We all have some relationship to money, and it is usually instilled in us from childhood. There was always more than enough or we never had any money. There was always a budget in our house or we spent money when there was any available. Many of us had nightmares from high school algebra and accounting and to this day shy away from anything to do with math.
Unfortunately, this relationship you have with money will also influence the way your employees relate to money in your business. By setting the example of financial management in your business, your employees will simply follow suit.
Most business owners are of the opinion that they can’t perform financial management as they were never great at math. If you however look at the way in which we manage money,
[highlight]Income – Expenses = Profit[/highlight]
You will find that the concept is no more difficult than primary school adding and subtracting.
If you get confused by all the accounting terminology and that keeps you from properly managing your money, get your accountant involved.
Managing money in your business is nothing more than financial management.
What is financial management?
Financial Management is the high-level planning and defining of financial results and managing money to those results.
So bookkeeping and tax compliance are therefore seen as technical work and not actual financial management.
Financial management is therefore not the responsibility of your accountant, as most accountants deliver their services up and till you are tax compliant.
The danger here is that a business owner that is not comfortable with financial management will make assumptions that his/her accountant is actually ensuring that the business remains on track. The same goes for the accountant that is not comfortable with the financial management side of things. He co-signs on the business owners feeling towards financial management and inherently they agree to not attend to it at all. Subsequently, no one is filling the role of Financial Director in that business.
We have to highlight the role of your accounting firm when it comes to financial management for your small business.
Always remember that your accountant works for you. You need to clearly define the results that you need from your accountant and at which intervals those results have to be delivered.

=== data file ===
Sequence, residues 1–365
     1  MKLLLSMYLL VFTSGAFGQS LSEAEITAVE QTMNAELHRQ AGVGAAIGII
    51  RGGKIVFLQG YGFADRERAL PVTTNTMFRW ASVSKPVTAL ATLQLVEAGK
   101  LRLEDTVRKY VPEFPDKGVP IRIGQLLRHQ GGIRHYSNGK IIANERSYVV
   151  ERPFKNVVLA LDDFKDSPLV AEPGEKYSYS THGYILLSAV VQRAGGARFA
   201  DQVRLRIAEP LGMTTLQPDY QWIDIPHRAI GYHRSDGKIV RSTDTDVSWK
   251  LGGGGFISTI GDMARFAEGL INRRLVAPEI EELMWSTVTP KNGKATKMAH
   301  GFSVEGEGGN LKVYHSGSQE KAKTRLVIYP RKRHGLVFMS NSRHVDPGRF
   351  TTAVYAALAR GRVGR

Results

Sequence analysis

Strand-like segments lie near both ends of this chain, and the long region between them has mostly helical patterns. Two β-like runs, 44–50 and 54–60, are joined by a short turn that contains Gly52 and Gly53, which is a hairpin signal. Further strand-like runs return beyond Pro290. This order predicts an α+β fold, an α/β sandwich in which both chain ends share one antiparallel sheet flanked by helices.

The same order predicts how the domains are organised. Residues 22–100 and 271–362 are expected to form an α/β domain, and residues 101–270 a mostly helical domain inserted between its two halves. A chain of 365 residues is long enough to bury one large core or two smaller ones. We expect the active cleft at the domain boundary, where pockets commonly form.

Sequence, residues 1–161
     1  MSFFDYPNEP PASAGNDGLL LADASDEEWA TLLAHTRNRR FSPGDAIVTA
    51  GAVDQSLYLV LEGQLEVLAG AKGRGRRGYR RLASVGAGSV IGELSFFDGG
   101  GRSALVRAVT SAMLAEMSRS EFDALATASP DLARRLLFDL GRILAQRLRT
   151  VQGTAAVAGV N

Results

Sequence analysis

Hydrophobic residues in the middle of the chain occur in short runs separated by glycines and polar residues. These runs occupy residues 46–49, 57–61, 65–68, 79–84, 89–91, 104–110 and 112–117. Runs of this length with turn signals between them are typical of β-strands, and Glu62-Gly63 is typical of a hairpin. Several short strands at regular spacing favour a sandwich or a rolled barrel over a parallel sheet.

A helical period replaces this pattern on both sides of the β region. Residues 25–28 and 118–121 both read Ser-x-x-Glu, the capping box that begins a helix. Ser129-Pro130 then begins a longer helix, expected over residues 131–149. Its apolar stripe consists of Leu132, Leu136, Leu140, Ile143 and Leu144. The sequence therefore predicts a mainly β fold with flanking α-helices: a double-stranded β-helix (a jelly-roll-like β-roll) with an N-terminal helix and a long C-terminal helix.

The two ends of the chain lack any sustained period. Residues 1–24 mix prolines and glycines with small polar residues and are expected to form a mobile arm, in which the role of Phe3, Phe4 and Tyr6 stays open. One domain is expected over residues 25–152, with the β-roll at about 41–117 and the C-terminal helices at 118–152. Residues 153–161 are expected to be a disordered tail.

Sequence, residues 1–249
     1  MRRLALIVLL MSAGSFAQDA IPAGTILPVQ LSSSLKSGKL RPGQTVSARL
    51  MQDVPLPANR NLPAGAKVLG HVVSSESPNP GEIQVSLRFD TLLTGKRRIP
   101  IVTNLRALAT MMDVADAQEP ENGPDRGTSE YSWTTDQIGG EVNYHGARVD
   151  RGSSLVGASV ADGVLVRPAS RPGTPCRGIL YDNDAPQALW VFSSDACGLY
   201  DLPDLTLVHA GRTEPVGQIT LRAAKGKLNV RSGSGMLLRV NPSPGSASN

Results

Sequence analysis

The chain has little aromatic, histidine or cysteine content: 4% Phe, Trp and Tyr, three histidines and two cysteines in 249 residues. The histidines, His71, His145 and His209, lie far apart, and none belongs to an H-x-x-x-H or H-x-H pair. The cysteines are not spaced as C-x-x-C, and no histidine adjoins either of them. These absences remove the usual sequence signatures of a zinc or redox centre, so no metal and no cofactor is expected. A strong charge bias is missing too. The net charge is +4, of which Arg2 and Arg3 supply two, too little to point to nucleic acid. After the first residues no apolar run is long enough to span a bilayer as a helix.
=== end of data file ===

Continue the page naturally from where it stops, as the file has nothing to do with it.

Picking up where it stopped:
What does it mean to manage by the numbers?
- You have to budget. Forecast your income and expenses for the 12 months ahead and track your actual figures vs. your budgeted figures on a monthly basis. Don’t expect this to be perfect! As this is a prediction of future events, bear in mind that no one can 100% accurately say what will happen and when. You can therefore feel really proud of yourself if the actual figures are within the 5 – 10% range of your budgeted figures.
- Understand the difference between profit and cash. This is a very important concept as it will influence the way in which you budget and will ultimately determine the rate at which your company is allowed to grow. Many of our clients still ask the following during our monthly meetings. I have made a profit of R60,000 on the income statement but where is the money? It is critical to understand that the income statement is ultimately your profit and loss statement to calculate your income tax exposure to the Receiver of Revenue (SARS). Certain non-cash flow items like depreciation pass through your income statement lessening your profit, but not your actual cash at hand. Also keep in mind that your income statement is drafted on the accrual principle which means that an entry is captured on the invoice date, regardless of whether it has been paid or not, hence it does not take into account any amounts still owed to or by you.
- Understanding direct costs vs. variable costs. Fixed costs are those items that remain the same each month and can easily be predicted for the 12 months ahead. These are usually items such as rent, accounting fees, subscriptions, etc. Variable costs are costs associated with delivering your service or producing your product. The more you produce the higher your variable costs. The fewer services you offer, the less your variable costs will be. It can therefore be seen that variable costs are directly linked to the output of your products or services. You will not attach a fixed rand value to variable costs when you budget, but rather a percentage that variable costs represent of your turnover. You will subsequently try and reduce your variable cost percentages to increase your profitability.
- Having courage or hope. Hope and money are a very dangerous combination. Merely hoping that everything will be ok and that there will be enough money at month end to cover all the overheads or trusting that your customers will pay in time, might get you through a month or so, but is unfortunately not enough to ensure the survival of your business. Face your fears. Ask your accountant the questions you need to better your relationship with money.
Do you have any real-life stories to share with our readers of how your relationship with money affected your business – good or bad?